Implicit bias is a phrase for the idea that we’re all probably at least a little bit biased, even if we really don’t want to be.
It’s a term that describes what’s happening when, despite our best intentions and without our awareness, stereotypes and assumptions creep into our minds and affect our actions.
The phrase has been used lately regarding race, and especially by those alleging that slight “microagressions” are hurtful to racial minorities. The right has fought back regarding implicit bias, charging that it’s just another “woke” notion.
Besides politics, implicit bias slips into just about every crack and crevice of life, including areas like criminal justice. It also affects our thoughts about many other qualities such as age, gender, and ethnicity/national origin.
However, 30 years of neurology and cognitive psychology research show that implicit bias influences the way we see and treat others, even when we’re absolutely determined to be, and believe we are being, fair and objective. Think of it as “thoughts about people we didn’t know we had.”
Besides seeping into everything from education to health to policing, it affects how we treat people with facial differences. I’ve written many blogs about a similar term “lookism,” and you can find just a few of ’em here, here, and here. The last noted blog is a good companion piece to this blog.
From whence come implicit biases towards people with facial differences?
Rings of Power and Privilege
Lord of the Rings
A recent viewing of Rings of Power, the latest video-streaming installment of JRR Tolkien’s epic fantasy, brought a disquiet—a disquiet to which I was insensitive half a century ago, when I first saw the movie. That was before I became a scientist.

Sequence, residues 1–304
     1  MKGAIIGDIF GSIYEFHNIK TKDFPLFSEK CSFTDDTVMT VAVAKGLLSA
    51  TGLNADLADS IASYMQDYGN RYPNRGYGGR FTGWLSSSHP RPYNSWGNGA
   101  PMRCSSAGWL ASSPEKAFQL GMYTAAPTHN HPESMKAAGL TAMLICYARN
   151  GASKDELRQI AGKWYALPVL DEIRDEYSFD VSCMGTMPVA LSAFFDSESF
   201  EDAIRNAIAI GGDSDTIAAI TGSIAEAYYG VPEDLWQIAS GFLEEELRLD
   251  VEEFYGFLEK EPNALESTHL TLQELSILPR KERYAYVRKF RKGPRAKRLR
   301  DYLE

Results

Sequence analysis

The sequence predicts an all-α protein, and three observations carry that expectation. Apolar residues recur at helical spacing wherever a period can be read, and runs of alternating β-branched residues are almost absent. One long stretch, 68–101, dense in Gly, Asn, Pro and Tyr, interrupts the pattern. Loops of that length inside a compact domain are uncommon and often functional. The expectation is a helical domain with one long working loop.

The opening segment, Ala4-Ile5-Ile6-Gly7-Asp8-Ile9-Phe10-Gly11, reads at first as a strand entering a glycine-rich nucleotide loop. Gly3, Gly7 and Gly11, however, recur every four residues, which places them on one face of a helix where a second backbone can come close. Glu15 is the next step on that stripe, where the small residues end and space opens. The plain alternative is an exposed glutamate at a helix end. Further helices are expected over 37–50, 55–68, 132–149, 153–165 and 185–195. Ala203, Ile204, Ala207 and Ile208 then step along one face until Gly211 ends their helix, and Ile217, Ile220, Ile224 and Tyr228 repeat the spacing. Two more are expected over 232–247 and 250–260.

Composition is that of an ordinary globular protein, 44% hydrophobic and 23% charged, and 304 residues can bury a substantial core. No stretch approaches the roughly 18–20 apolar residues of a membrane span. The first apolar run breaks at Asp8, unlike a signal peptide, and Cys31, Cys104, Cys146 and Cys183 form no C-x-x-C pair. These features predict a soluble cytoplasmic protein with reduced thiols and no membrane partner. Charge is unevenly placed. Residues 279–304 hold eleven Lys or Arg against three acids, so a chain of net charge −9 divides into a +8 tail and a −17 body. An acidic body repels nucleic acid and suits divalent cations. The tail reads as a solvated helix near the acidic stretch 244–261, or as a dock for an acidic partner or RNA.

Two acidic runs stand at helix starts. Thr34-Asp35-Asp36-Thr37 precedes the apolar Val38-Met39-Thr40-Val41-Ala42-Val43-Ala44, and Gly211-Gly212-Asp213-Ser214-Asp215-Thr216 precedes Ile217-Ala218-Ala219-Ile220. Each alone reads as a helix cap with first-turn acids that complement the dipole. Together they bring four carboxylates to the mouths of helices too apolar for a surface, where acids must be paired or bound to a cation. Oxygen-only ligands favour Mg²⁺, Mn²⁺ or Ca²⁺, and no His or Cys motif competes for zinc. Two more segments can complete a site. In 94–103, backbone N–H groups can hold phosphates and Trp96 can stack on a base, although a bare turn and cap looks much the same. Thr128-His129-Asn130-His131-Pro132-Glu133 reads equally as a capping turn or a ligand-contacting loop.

Psychological and neural responses to facial anomalies
For better and worse, our looks matter. Psychologists have long identified a beauty-is-good stereotype. That is, attractive people receive all sorts of unearned privileges in life. They are hired more easily, given higher pay, and receive lesser punishments for infractions than their less attractive counterparts.
We found an analogous facial-anomaly-is-bad bias, in which people who have scars, birthmarks, and developmental differences are viewed as being less intelligent, hard-working, trustworthy, and competent (Jamrozik et al., 2017).
Many people harbor such biases implicitly; our brains track them even if we don’t (Hartung et al., 2019). Based on our research, three brain structures are critical for these effects (Workman et al., 2021).
They include areas in our visual cortex, called the fusiform gyri, and in the left amygdala. Parts of the fusiform gyrus are tuned to processing faces, and the amygdala is implicated in processing various emotional states, especially fear and anxiety, tied to their social relevance.
Neural activity in these areas correlated with the degree of implicit bias held by people enrolled in the study. The left amygdala activity was further modulated by individual differences in people’s dispositions.